Hoping the Truth Wins Out

A young lawyer fights for LBGTQ rights.

Anna Powell Teeter

Kara Ingelhart’s (B.A. ’12, Biology, Gender Studies) office at Lambda Legal is draped with plants, snaking their vines over a copy of Michelle Obama’s Chasing Light, a “nevertheless she persisted” placard, and an assortment of political yard signs reading, “Vaginas Matter,” “Support Black Trans Women,” and “Hoosiers in Love.” A neat row of thank-you cards from clients line her window sill overlooking the Chicago Loop.

Founded in 1973, Lambda Legal is the country’s largest advocacy group for LGBTQ and HIV-positive individuals. There, Kara has worked on cases protecting service members living with HIV from discrimination, enabling individuals to change the gender listed on their birth certificates, and ensuring parental rights for LGB people, to name a few. Raised in Crown Point, Ind., she tells me that she dreamt of working in Chicago since she was eight years old. On a family trip, she saw a woman wearing a suit and tennis shoes while carrying her pumps.

“I want to be like that woman,” she told her grandmother. “I want to carry my shoes to work.”

Now, she often carries her shoes on the 25-minute walk from her historic apartment building in the River North neighborhood, where she lives with her elegant orange tabby, Fred. More than carrying shoes, though, she was driven by a deep sense that discrimination is wrong.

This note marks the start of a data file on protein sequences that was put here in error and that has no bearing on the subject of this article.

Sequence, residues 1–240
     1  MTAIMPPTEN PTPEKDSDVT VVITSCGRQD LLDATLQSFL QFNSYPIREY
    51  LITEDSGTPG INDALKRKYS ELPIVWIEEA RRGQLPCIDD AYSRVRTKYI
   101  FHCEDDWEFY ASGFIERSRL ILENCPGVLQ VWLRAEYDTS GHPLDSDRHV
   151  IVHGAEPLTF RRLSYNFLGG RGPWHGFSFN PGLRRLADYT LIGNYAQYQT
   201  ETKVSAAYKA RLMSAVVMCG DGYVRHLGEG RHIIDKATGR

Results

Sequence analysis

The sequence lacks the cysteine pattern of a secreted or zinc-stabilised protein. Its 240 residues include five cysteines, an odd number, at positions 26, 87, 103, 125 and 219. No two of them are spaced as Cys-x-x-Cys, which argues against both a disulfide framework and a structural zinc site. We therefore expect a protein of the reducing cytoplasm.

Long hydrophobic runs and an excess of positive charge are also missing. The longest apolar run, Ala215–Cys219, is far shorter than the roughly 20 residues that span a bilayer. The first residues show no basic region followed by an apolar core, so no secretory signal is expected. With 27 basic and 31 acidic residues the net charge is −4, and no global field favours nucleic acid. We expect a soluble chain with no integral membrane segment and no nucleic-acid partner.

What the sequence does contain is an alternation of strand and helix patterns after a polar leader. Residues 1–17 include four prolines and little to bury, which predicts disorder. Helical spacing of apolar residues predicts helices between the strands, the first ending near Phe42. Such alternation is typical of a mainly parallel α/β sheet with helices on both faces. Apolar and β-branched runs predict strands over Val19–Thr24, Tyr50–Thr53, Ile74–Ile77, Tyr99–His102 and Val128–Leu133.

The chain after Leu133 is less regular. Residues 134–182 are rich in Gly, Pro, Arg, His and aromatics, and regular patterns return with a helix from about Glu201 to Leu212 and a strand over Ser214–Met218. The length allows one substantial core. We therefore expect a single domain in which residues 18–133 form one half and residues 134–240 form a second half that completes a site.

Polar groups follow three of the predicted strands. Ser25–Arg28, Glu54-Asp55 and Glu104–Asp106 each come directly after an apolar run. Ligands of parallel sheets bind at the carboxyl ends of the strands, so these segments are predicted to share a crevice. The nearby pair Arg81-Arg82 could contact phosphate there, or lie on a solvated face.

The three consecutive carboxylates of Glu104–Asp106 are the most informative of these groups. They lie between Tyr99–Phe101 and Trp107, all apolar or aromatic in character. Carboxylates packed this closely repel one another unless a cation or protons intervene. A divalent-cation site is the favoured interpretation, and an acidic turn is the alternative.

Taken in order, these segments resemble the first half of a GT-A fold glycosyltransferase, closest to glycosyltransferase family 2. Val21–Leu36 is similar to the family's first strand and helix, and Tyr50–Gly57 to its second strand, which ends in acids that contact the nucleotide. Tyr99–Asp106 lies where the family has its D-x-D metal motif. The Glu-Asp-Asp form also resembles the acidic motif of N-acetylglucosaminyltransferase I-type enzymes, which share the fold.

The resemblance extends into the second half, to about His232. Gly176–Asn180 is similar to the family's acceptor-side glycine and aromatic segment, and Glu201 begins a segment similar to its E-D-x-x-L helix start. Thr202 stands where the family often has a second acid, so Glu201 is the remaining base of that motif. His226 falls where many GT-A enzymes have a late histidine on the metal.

“All my life I have found it odd to treat someone differently based on a characteristic that has nothing to do with how they are being measured,” she says.

As a lawyer, she addresses “illogical differential treatment” using the power of language.

“I take my clients’ passionate words and make them legally resonant,” she tells me. “It’s a huge power to translate words into a tool for change.”

Ingelhart is a staff attorney for Lambda Legal, the country’s largest advocacy group for LGBTQ and HIV-positive individuals.

This belief in language’s power is reflected in her careful speech. Kara often breaks off her sentences mid-way to start again, adding a preposition or qualifier to be more accurate while she sits behind her desk, straightening the already neat piles of papers. From the outset of our interview, she makes it clear that she wants to talk about her work and her clients — not herself.

“It’s such a privilege to represent people who stand up for their rights because they know they are also standing up for a larger community,” she explains.

But it’s hard not to be curious about this 28-year-old lawyer who, only four years out of law school, is working on headline-grabbing cases, including ones involving the Supreme Court.